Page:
It’s not just straight-sized people either. Other plus-sized pregnant people can perpetuate their own internalized fatphobia. This often comes up in discussion on the shape and size of our pregnant bellies. “Good” bellies are often discussed as those where your stomach takes on a bulbous “D” shape. These pregnancies are easily identifiable by others and look more like our straight-sized peers. A “bad” stomach shape looks more like a “B” with a dividing line or roll that cuts through the middle. These stomachs tend to be less identifiably pregnant and so, don’t get the same love by society. This only fuels the discussion on pregnancy weight gain more. Apparently round bellies are only good when they come on pregnant women. 

I know that many of us have inherited our internalized fatphobia through society at large. I am not exempt from that and have been coming into awareness of all of the ways that this thinking has hurt myself and others. But here is my plea to other pregnant people out there: stop equating your sense of self-value with your size, because when you do, you are perpetuating a world where larger people and their experiences continue to be marginalized.  This can bleed over to how we are treated professionally, personally, and worse, by the medical system. This way of talking about your pregnant body has to stop. For the sake of your fellow pregnant community, and more importantly, for the next generation that we’re birthing.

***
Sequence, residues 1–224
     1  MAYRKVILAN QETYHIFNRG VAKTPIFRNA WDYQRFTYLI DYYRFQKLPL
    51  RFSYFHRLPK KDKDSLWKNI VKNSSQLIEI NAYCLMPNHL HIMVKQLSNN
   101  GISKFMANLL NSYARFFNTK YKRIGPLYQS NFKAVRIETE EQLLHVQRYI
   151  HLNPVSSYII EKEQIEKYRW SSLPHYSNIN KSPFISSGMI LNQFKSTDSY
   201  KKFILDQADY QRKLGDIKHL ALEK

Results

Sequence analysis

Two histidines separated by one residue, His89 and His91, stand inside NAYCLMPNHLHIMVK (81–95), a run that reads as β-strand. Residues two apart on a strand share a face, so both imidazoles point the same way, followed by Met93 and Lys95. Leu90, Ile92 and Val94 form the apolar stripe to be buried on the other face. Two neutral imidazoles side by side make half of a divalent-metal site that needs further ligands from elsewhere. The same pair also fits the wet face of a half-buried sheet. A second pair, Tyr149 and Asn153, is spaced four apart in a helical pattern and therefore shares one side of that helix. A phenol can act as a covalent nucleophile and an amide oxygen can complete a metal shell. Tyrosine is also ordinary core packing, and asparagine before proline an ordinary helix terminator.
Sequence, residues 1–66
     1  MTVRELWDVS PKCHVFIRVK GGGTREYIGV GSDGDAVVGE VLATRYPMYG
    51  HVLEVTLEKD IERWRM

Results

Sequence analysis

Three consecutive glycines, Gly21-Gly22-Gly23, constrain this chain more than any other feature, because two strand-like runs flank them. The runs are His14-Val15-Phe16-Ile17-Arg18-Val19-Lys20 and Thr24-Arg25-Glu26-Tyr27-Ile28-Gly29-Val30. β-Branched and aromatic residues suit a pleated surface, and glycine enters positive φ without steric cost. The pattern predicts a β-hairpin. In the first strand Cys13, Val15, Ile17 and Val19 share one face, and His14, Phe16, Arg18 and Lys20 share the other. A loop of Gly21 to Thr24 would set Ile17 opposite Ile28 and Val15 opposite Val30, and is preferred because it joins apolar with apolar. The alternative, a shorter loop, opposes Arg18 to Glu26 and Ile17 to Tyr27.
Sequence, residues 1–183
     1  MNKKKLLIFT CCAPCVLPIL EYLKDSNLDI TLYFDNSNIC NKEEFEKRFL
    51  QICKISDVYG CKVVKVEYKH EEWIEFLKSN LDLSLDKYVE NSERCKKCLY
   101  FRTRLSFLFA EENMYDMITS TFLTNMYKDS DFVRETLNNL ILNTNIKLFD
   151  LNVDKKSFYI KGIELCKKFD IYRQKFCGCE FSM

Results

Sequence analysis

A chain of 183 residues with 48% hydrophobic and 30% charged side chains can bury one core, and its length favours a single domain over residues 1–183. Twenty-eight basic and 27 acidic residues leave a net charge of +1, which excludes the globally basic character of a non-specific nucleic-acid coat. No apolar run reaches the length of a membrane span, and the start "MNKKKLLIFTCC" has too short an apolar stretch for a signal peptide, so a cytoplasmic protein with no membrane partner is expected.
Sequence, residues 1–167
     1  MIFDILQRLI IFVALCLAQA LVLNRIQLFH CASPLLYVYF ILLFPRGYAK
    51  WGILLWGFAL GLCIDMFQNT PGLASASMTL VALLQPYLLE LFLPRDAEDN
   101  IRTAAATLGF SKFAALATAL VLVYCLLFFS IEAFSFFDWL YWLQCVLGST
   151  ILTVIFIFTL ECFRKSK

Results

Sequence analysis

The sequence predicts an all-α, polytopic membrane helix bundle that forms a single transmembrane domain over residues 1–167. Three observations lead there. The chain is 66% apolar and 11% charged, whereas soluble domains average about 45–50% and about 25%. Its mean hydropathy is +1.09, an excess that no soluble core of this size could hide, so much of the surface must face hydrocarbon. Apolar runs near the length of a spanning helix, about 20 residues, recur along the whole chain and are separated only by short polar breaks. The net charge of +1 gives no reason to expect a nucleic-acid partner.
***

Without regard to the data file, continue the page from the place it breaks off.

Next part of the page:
Pregnant Plus a Pandemic

By Priyanka Saju

This is the first of a 4-part series by writer Priyanka Saju, who writes about her pregnancy journey.

An Ode to No

By Laura Delarato